Change in deductions or credits

If you incorrectly claim expenses to itemize as deductions or to receive credit on your tax return, you should amend your taxes to correct the error. Overstating or errors in claiming deductions or credits is one of the top reasons that the IRS will audit a taxpayer. On the other side of things deductions and credits can greatly affect the amount a person pays in taxes. Not utilizing applicable tax deductions or credits because one is not aware of the availability also could be a costly mistake.

Inaccurate reporting the numbers of dependents

In some cases, there are misunderstandings or disagreements as it concerns which taxpayers should claim someone as a dependent. If something like this happens and a taxpayer files their income taxes, they will need to file an amendment in order to add or remove the dependents that were or were not previously claimed. Even if a taxpayer includes all the necessary dependents on their tax return, there is a chance that they may have incorrectly taken a tax credit. An example of this is claiming the American Opportunity Credit for a dependent who could qualify for the credit, but was not in enrolled in college half-time for at least one academic period. In this case if you take the American Opportunity Credit, you will need to file an amendment to correct the error and avoid the possibility of receiving a tax bill later on.

The reasons to file an amended tax return may be clear to you by now but just to limit any confusion, let talk about when you should not file an amended return.

  1. If you get an IRS CP2000 notice, which is to inform a taxpayer that the IRS’s records show that they underreported income. The taxpayer only needs to respond to the letter, not file an amendment. An amendment would go to a totally different unit of the IRS. An amendment will make the process of resolving the issue slower and possibly more complicated.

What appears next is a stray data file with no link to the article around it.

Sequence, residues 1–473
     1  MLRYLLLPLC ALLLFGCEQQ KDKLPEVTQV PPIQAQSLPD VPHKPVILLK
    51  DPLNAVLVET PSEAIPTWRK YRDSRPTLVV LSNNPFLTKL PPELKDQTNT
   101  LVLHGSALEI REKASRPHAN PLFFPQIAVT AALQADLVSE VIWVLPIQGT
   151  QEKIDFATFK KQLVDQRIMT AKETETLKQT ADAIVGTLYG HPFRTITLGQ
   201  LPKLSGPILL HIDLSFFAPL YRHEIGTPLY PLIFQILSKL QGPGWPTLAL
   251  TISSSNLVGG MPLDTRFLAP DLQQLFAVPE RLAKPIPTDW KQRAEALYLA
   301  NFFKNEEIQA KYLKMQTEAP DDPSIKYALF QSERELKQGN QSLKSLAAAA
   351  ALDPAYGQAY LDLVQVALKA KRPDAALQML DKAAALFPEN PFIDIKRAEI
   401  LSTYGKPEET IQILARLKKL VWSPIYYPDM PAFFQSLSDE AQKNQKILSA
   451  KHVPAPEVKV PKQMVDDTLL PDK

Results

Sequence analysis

2. If you get an IRS audit notice, you should simply respond to the notice with the information that the IRS requested. An amended return cannot be used to resolve the audit.
  3. If there was a mathematical error when you filed your original return, there is no need to file an amendment. The IRS usually with catch the error and send a notice to inform you.
  4. If you are behind on filing your income taxes the IRS can ultimately file what is called a substitute for return. The IRS prepares the taxes using only the information that was provided to them by a taxpayer’s employer, bank, or other payer. This substitute return will not include any credits or deductions that favor the taxpayer. To replace the substitute tax return in order to apply things like, deductions, credits, or even a more advantageous filing status you can file a form 1040 US Individual Income Tax Return, an amendment is not necessary.
  5. If you are interested in addressing penalties to have them waived or reduced, an amendment is not necessary. The IRS does provide options for taxpayers for penalty relief; first-time penalty abatement, penalty abatement due to reasonable cause, and statutory exception. There is also an option to appeal the decision if penalty relief is not granted. For more info see the following link.
  6. Filing an amendment is always a good thing to do if there are errors on your tax return, that an amendment will solve. As with any other tax related matter, please feel free to consult with a Molen & Associates Tax Professional before making any final decisions.

Arthur Harrison
Tax Advisory & Accounting